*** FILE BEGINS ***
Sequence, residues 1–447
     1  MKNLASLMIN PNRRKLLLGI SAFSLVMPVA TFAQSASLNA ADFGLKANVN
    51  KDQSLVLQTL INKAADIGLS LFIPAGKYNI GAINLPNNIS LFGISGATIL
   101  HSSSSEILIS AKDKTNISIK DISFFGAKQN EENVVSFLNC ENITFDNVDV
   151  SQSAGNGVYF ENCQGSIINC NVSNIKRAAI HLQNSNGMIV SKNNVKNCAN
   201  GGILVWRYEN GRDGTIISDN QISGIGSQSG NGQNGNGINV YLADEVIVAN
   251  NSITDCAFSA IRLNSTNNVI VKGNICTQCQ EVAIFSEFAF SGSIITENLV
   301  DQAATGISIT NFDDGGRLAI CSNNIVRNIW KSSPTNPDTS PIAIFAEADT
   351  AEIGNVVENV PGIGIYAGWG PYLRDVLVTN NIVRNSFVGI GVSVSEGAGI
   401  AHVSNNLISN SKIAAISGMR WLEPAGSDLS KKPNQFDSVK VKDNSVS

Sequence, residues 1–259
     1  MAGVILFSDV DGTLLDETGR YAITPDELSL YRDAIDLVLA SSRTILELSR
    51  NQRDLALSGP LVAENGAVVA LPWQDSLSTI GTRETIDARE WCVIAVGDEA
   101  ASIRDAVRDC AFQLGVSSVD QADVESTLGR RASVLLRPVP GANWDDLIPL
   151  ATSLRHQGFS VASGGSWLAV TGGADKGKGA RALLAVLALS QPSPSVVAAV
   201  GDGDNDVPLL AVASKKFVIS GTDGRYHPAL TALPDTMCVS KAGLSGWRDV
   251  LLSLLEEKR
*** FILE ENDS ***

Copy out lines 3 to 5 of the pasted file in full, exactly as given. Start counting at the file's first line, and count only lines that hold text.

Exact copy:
    51  KDQSLVLQTL INKAADIGLS LFIPAGKYNI GAINLPNNIS LFGISGATIL
   101  HSSSSEILIS AKDKTNISIK DISFFGAKQN EENVVSFLNC ENITFDNVDV
   151  SQSAGNGVYF ENCQGSIINC NVSNIKRAAI HLQNSNGMIV SKNNVKNCAN